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Murray Bookchin

Deep Ecology, Anarchosyndicalism, and the Future of Anarchist Thought

Social Ecology, Anarchism and Trades Unionism

By Graham Purchase. Featured in Deep Ecology & Anarchism - A Polemic, Freedom Press, 1993

This essay is a revision of three book reviews published in Rebel Worker between 1989 and 1991.

Earth First! The Underbelly Exposed

By Chris Shillock - Libertarian Labor Review (Anarcho Syndicalist Review) #6, Winter 1989

Several years ago the activist community was fired by news of a group of militant ecologists who called themselves Earth First!. Anarchists particularly felt a kinship. Earth First!’s uncompromising defense of the environment and their rejection of government stewardship of the wilderness echoed our own experience of the futility of working within the system. Their use of direct action was taken from our own history. Their full-blooded all-out enthusiasm for nature promised a robust, holistic radicalism.

Lately, as people learned more about the group, some truly disturbing facets of Earth First!’s ideology have come to light. By now it is clear that not only is Earth First! hostile to any meaningful social analysis, but it is freighted with so much nationalist and racist baggage as to make them obnoxious to any worker.

Earth First!’s philosophy, also known as Deep Ecology, is set out in a book of that name by Bill Devall and George Sessions (Peregrine Smith, Salt Lake City, 1985). It borrows from Zen Buddhism, Native American religions and from Heidegger, but is based on an immediate intuition of the “wilderness experience.” They urge us to go into the woods, to just feel. The result will be that feeling of the oneness of all creation which we have probably all known when we find ourselves alone under the stars.

Deep Ecologists go on to reason that “The well-being and flourishing of human and nonhuman Life on Earth have value in themselves…These values are independent of the usefulness of the non-human world for human purposes.” Deep Ecologists condemn other social and scientific views as “anthropocentric” in contrast to their “biocentric” outlook. This epithet is hurled throughout the pages of their journal, Earth First!, to clinch a point or to dismiss opponents.

So far, okay, aside from a few quibbles in logic. Earth First! has the potential to be a noble and passionate worldview. Instead their concept of “biocentric egalitarianism” turns the corner into a Malthusian blind alley shadowed with dark visions of a vengeful Earth lashing back at the species that uses her. Malthusianism has always been a pseudoscience serving the need of right wing ideology. In the Nineteenth Century, Social Darwinists used Malthus’ simplistic predictions of a dwindling food supply to justify doing nothing to alleviate the misery of the poor. Variations of this philosophy have been used in the Twentieth Century to buttress everything from eugenics to Third World starvation.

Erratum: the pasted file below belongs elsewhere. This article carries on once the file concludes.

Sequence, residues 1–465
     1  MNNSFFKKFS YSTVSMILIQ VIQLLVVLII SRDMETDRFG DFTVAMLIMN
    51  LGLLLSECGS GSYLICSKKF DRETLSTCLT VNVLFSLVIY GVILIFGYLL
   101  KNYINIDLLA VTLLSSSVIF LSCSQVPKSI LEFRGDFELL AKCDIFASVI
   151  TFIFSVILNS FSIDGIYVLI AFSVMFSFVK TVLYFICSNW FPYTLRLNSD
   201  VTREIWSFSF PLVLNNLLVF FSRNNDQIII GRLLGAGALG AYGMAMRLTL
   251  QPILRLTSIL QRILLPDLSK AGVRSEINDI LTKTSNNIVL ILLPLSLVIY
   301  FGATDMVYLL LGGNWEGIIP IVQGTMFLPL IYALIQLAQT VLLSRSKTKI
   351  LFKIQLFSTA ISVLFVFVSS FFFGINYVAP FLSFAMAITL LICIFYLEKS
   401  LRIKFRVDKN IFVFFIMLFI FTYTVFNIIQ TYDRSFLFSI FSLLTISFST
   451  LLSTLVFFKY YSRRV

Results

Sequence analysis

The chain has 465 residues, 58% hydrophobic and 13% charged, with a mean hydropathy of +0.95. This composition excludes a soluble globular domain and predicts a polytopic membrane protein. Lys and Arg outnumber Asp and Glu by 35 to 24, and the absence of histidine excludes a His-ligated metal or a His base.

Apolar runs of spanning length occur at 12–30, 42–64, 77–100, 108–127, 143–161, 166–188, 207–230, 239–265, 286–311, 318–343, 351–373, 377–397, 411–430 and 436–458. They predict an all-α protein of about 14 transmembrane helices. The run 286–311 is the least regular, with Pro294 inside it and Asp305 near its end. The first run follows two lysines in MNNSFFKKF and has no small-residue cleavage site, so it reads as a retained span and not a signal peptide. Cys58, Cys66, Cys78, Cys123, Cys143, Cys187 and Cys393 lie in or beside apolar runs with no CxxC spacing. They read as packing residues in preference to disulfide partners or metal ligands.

The Ecology of Freedom (Murray Bookchin)

From Murray Bookchin's introduction:

This book was written to satisfy the need for a consistently radical social ecology: an ecology of freedom. It had been maturing in my mind since 1952 when I first became acutely conscious of the growing environmental crisis that was to assume such monumental proportions a generation later. In that year, I published a volume-sized article, "The Problems of Chemicals in Food" (later be republished in book form in Germany as Lebensgefiihrliche Lebensmittel). Owing to my early Marxian intellectual training, the article examined not merely environmental pollution but also its deep-seated social origins. Environmental issues had developed in my mind as social issues, and problems of natural ecology had become problems of "social ecology"--an expression hardly in use at the time.

The subject was never to leave me. In fact, its dimensions were to widen and deepen immensely. By the early sixties, my views could be summarized in a fairly crisp formulation: the very notion of the domination of nature by man stems from the very real domination of human by human. For me, this was a far-reaching reversal of concepts. The many articles and books I published in the years after 1952, beginning with Our Synthetic Environment (1963) and continuing with Toward an Ecological Society (1980), were largely explorations of this fundamental theme. As one premise led to another, it became clear that a highly coherent project was forming in my work: the need to explain the emergence of social hierarchy and domination and to elucidate the means, sensibility, and practice that could yield a truly harmonious ecological society. My book Post-Scarcity Anarchism (1971) pioneered this vision. Composed of essays dating from 1964, it addressed itself more to hierarchy than class, to domination rather than exploitation, to liberatory institutions rather than the mere abolition of the State, to freedom rather than justice, and pleasure rather than happiness. For me, these changing emphases were not mere countercultural rhetoric; they marked a sweeping departure from my earlier commitment to socialist orthodoxies of all forms. I visualized instead a new form of libertarian social ecology-or what Victor Ferkiss, in discussing my social views, so appropriately called "eco-anarchism."

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Radical Agriculture

By Murray Bookchin - Anarchist Library, 1972